In God’s timing, the Carpenters discerned a new ministry focus when a close friend, a pastor whose daughter had spina bifida, invited them to speak at a camp for people with disabilities, Special Touch Ministries.

“We went, and it changed our lives,” Thomas says. “We saw young people with mental and physical disabilities filled with the Spirit. When you see someone with Down syndrome speaking in other tongues, and another one give the interpretation — and that interpretation is right on — it really changes your outlook.”

In time, Thomas was asked to join the national leadership team for Special Touch, and Angelia was appointed director of Women’s Ministries for the U.S. AG’s Arkansas district. In 2012 they had the opportunity to share the Special Touch experience with churches in South Africa, and by their third trip to Africa they began to explore the possibility of becoming world missionaries. Since 2018 they have been serving the disability community internationally with CompassionLink, AGWM’s ministry arm that partners with missionaries and local churches to create and restore healthy communities.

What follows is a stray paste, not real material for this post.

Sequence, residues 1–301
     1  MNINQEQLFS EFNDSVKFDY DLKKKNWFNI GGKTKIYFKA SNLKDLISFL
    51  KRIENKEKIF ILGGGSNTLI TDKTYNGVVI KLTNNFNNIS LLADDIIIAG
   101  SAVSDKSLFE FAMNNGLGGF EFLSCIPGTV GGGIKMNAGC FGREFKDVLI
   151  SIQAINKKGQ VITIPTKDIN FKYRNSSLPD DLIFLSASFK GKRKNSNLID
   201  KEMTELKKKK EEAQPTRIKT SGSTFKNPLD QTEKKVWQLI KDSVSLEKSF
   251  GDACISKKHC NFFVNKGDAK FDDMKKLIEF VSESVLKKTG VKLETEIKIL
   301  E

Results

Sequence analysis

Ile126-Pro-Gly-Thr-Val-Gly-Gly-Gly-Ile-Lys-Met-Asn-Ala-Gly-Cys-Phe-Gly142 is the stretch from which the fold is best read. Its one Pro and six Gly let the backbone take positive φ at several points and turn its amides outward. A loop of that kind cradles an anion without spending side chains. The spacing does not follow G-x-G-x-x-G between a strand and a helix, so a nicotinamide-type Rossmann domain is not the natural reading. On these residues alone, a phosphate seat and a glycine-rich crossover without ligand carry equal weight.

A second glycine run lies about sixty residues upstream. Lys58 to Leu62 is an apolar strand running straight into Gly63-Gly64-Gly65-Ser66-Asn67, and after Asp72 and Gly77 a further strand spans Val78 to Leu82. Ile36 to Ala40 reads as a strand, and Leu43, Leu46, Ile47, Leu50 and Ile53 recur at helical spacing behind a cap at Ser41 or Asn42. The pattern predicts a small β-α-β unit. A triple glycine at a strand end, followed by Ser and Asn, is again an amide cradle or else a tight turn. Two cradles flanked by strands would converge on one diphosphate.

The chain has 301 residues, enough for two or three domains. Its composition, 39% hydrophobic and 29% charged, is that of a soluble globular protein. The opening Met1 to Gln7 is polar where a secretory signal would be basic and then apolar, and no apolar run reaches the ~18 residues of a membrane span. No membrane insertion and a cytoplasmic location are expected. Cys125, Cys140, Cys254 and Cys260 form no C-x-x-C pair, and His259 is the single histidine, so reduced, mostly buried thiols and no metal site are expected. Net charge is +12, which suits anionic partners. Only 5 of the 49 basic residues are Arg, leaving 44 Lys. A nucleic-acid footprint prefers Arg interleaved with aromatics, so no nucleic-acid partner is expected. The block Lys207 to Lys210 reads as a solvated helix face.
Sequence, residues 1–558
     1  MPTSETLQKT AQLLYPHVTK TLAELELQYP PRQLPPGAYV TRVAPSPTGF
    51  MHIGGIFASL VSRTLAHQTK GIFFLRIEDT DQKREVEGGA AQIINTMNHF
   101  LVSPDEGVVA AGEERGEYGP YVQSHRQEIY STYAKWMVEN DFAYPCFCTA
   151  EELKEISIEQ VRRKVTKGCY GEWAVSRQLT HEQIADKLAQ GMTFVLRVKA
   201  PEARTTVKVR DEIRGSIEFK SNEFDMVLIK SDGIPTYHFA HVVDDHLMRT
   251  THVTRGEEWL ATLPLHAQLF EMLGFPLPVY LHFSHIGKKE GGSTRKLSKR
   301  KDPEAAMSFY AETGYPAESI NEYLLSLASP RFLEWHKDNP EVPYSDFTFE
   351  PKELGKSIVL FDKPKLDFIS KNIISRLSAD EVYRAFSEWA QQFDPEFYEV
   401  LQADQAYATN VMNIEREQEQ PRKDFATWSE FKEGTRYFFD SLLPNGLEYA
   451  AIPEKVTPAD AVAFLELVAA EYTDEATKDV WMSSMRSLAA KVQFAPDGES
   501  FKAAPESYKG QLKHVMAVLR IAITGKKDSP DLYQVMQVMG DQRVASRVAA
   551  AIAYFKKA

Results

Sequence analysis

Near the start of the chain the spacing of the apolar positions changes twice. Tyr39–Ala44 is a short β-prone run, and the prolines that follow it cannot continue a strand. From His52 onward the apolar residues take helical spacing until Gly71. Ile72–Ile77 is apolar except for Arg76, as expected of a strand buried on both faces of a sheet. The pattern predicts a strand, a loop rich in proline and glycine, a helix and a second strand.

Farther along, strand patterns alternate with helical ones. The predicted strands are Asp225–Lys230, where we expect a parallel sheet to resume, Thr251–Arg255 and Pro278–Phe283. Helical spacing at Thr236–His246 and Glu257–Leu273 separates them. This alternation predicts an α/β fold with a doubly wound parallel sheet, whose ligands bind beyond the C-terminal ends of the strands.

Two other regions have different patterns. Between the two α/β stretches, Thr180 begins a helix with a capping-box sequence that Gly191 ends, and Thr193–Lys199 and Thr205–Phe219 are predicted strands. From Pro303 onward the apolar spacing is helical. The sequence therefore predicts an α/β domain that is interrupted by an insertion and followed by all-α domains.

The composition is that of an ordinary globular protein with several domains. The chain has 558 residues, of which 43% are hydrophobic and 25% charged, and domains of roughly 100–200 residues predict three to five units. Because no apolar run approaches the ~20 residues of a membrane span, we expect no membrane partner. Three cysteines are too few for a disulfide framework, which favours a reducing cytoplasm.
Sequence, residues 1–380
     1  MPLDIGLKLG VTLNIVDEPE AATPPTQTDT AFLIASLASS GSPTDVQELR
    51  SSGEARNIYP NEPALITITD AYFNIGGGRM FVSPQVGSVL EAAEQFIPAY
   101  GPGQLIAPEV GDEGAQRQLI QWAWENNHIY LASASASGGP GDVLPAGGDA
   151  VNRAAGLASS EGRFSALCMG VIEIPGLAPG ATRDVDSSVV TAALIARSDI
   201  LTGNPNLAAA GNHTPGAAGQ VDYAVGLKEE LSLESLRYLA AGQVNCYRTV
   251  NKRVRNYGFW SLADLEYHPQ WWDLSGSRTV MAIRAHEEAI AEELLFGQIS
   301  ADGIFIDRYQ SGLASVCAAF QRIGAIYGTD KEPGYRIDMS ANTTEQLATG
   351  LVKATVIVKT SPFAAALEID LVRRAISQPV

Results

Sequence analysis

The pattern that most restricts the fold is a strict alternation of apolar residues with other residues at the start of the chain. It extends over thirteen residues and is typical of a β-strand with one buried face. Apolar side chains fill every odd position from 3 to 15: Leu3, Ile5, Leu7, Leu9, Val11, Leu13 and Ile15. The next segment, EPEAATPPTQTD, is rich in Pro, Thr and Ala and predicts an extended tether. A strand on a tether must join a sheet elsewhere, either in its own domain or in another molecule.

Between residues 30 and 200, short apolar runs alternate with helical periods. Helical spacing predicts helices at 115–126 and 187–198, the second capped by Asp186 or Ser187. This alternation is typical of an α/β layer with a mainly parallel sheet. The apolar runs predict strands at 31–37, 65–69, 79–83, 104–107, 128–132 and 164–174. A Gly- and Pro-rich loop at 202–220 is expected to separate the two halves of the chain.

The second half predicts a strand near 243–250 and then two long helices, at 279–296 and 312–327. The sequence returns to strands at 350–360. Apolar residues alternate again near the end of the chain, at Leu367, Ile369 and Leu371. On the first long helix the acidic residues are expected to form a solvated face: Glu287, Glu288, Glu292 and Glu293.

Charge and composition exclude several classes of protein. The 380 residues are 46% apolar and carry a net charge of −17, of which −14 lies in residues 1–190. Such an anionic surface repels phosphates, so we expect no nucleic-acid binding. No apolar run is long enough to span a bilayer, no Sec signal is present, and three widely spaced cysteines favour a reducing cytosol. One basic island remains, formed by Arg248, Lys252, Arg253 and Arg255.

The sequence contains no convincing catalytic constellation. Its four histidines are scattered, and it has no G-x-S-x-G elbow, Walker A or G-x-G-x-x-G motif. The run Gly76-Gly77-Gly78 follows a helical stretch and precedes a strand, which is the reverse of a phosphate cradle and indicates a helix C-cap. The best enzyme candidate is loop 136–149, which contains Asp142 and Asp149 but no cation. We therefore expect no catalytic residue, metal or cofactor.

“The first weekend in March we were on a ministry trip with CompassionLink, and March 6 was my first day not to feel well,” Angelia says. “I endured an extreme headache and weakness; Thomas’ symptoms started four days later and came on hard and fast. He was having trouble breathing.”

By Friday, March 13, Angelia knew she had to get her husband to the emergency room. Even then, she was unaware of the deeper implications of Thomas’ symptoms. After an initial interview with a CDC team member, they were allowed to go home with medication and were scheduled for COVID tests on Monday. By the time the tests confirmed they were both COVID-positive, Thomas was beginning to decline. Angelia rushed him back to the hospital that Wednesday, deeply concerned, but still believing a solution would emerge in the short run.

“I thought, OK, a couple of nights, he’ll get some oxygen and meds, feel better, and come home,” she remembers. “Two nights turned into more than a month on a ventilator. The doctors told me they were literally writing the book on how to treat COVID with Thomas’ case. There was no history to say how a white 55-year-old male would respond.”